Kiele Sanchez and Rodrigo Santoro, <EM>Lost</EM> Kiele Sanchez and Rodrigo Santoro, Lost

Even in death, Lost's most reviled castaways can't get any peace. In the ABC series' March 28th episode, Nikki (Kiele Sanchez) and Paolo (Rodrigo Santoro) — who were clumsily introduced at the beginning of season three and never forgiven for it — were revealed to be diamond-grubbing murderers who, in one of the series' darkest twists to date, were paralyzed by spider bites and unwittingly buried alive by show heroes Sawyer and Hurley. Response to the episode proved bitterly divided, with viewers and online bloggers — see's Roush Dispatch, Today's News: Our Take and Lost discussion blog — falling into two distinctly polarized camps: Those who felt the episode was an unwelcome disruption to the show's main storyline; and those who felt it was a clever acknowledgment of fan frustration that amounted to, as Hurley said, "one of the most awesome hours of television ever." (Among the episode's many inside jokes: Sawyer's "Who the hell's Nikki?" crack, and Nikki's plea to Paolo upon seeing dead step-siblings Shannon and Boone: "Promise me we'll never end up like them.)

For their part, producers say they expected the episode to be "good watercooler" fodder. "People hated the characters before they even opened their mouths because it felt like they were crashing the party," says executive producer Damon Lindelof. "The easiest thing would've been to forget they ever happened, like the cougar on [the second season of] 24. But that's not Lost."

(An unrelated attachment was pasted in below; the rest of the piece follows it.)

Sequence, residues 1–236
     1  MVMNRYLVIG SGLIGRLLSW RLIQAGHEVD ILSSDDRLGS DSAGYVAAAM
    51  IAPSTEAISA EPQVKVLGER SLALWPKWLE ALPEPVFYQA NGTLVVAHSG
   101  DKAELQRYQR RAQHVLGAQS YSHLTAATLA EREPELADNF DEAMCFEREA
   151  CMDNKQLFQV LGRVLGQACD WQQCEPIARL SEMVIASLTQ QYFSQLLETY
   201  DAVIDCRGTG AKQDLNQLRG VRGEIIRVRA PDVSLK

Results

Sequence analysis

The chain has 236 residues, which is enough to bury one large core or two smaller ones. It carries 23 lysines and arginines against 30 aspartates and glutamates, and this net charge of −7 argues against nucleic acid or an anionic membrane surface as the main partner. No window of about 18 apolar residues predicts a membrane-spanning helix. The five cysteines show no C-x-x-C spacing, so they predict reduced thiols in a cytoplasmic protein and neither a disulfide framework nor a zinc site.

Instead, he and fellow show-runner Carlton Cuse decided to craft an episode that would serve as a rejoinder to the character criticism. "The audience rebelled against Nikki and Paolo [because] we introduced them in a way that they were supposed to believe they had been there all along," Lindelof says. "So our response was, 'Well, let's show the audience that they have been there all along.'" The producers also felt that Sanchez and Santoro deserved a shot at redeeming  themselves. "Rodrigo and Kiele are talented actors who were being underutilized," Lindelof says. "They deserved their chance at bat."

While viewers have questioned whether the duo is actually done for, producers insist Nikki and Paolo won't dig their way out of this one. In fact, Santoro is already busy with film commitments in his native Brazil, and Sanchez is shooting an ABC pilot, Football Wives, which is under consideration for the network's fall schedule.

As for naysayers' claim that the episode was "filler," Cuse hints that Nikki and Paolo's fates may be a sign of what's to come: "In the progression that started with Eko's death [earlier this season], there's a sense that the island ultimately is collecting the souls of people who may not be redeemable."

Are you listening, Others?


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